This past week, there have been a number of posts and articles that address the continuing fascination with trade imbalances. But the three that follow are particularly helpful if you want your students to really understand the nature of trade.
First I present a pair of links that are related. The first is an article in The Wall Street Journal that connects the iPhone to the trade deficit. If you are a devotee of that particular piece of electronic hardware, examine it. You will notice it says "Assembled in China." What you may not realize is that is equivalent to "Made in China" for purposes of measuring trade. But the article explains that while, for statistical purposes, the last shipping point is what counts. The bulk of the cost of an iPhone is actually due to the U.S.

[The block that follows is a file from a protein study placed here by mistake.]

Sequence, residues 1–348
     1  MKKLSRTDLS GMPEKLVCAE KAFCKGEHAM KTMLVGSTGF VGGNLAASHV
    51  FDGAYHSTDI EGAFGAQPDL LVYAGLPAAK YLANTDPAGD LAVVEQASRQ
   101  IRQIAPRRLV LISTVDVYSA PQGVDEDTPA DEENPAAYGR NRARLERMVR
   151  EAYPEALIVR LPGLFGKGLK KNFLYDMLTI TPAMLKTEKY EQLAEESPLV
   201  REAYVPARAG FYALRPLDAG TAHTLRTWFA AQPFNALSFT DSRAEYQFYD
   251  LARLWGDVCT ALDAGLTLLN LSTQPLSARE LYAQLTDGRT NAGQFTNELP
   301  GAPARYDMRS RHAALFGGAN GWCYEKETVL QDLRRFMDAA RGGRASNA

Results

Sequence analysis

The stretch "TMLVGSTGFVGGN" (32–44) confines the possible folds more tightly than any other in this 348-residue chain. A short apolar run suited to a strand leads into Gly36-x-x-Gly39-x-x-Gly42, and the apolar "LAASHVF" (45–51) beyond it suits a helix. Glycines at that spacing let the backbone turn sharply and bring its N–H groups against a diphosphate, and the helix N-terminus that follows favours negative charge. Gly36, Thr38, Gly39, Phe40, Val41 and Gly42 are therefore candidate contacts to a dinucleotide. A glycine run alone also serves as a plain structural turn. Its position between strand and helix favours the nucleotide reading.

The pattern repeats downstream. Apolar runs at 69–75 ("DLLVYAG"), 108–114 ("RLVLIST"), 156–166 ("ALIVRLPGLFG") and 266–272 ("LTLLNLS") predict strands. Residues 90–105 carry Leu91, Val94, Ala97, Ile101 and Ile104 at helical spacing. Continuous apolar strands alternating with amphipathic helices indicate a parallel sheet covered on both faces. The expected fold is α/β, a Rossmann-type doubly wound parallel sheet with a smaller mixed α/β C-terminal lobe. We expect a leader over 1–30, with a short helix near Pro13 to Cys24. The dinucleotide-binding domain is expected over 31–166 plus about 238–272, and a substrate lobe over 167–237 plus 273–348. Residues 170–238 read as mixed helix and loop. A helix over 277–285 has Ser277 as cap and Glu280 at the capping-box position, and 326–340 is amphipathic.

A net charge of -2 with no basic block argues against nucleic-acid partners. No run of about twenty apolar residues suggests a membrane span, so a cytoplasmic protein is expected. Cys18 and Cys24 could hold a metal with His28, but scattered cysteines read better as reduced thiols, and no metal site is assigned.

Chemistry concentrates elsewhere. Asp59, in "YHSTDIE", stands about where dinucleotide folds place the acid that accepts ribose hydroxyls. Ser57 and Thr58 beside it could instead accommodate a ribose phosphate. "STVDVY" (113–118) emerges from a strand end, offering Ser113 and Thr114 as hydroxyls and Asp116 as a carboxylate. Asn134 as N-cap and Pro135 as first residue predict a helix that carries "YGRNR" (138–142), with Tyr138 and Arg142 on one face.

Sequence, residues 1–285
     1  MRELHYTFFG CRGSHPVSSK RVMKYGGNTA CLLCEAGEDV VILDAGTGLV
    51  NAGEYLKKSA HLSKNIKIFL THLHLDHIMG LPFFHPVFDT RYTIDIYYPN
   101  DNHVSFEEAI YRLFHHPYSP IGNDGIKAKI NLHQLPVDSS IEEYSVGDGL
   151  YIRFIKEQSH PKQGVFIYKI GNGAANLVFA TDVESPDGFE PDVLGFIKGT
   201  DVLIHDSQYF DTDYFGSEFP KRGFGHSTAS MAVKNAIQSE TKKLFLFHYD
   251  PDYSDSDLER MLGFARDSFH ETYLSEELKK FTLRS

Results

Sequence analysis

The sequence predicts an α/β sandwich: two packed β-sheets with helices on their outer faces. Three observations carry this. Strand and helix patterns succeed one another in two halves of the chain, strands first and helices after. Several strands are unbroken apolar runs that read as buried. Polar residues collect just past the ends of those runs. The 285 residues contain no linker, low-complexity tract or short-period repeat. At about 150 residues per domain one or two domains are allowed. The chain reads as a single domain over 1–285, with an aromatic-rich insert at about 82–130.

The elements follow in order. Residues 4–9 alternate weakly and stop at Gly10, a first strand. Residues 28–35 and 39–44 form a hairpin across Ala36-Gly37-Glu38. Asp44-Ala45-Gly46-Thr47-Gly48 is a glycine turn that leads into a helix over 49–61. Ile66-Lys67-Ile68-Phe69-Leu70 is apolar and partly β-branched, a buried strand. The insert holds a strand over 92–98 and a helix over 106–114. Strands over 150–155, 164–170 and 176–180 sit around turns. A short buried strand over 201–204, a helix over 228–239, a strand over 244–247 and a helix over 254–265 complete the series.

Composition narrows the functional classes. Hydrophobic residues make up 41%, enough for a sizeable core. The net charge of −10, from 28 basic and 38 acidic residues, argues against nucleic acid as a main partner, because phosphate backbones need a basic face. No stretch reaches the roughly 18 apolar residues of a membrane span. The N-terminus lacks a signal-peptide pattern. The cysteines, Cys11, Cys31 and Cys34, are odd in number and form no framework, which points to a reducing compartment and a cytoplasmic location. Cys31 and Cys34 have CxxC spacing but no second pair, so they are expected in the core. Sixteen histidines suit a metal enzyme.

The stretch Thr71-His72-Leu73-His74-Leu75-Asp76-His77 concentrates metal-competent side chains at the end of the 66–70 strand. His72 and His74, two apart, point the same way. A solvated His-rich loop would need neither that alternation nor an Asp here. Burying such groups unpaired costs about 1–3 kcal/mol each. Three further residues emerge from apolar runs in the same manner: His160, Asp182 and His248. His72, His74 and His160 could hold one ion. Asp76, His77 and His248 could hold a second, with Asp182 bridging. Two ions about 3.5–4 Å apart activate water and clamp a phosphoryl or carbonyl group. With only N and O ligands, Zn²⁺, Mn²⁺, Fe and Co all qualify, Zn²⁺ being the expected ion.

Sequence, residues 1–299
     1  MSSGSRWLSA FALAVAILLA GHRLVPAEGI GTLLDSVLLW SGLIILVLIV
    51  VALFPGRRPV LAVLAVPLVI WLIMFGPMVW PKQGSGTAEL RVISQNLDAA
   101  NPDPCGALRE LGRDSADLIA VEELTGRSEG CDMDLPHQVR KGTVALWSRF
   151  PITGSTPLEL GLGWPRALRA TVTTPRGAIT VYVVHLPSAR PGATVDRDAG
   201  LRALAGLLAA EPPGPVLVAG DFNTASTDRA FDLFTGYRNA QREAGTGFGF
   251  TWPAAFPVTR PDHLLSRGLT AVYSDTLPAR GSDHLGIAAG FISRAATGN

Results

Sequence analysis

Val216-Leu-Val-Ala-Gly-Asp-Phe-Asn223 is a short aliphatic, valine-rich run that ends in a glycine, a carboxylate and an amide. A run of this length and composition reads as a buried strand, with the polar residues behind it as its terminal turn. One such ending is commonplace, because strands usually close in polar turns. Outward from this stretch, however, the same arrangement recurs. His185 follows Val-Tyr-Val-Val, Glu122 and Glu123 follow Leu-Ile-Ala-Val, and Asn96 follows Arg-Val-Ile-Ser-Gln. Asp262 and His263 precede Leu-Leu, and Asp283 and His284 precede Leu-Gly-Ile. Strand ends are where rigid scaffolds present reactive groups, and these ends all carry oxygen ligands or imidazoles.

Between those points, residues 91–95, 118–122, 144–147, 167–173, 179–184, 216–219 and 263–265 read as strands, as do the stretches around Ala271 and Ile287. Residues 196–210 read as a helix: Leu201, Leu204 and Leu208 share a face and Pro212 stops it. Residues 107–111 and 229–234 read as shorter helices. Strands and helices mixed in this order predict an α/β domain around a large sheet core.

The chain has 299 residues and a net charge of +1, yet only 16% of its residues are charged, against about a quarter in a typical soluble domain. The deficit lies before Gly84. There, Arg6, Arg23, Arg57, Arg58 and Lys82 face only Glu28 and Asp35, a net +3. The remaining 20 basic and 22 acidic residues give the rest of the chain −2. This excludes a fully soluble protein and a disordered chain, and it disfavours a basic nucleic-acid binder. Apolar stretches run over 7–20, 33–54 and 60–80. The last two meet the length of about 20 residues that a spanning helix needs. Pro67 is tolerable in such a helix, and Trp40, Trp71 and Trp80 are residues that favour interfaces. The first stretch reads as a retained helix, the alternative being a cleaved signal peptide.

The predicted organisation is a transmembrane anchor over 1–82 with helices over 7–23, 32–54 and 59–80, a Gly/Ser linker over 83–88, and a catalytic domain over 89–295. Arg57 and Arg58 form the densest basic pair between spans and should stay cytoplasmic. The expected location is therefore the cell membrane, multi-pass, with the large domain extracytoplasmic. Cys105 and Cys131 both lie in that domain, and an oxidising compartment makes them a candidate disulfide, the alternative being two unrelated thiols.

This is made even clearer if you look at this blog post on Carpe Diem. Mark Perry provides a clear explanation of how the Chinese actually are responsible for the smallest portion of the cost.
Don Boudreaux at Cafe Hayek provides another view of trade. Too often, our students think of trade as a tied to a single event or product. What they need is a clearer understanding of the concept of interdependence. They need to think beyond the initial exchange and examine what the consequences of that exchange. What other exchanges does it make possible?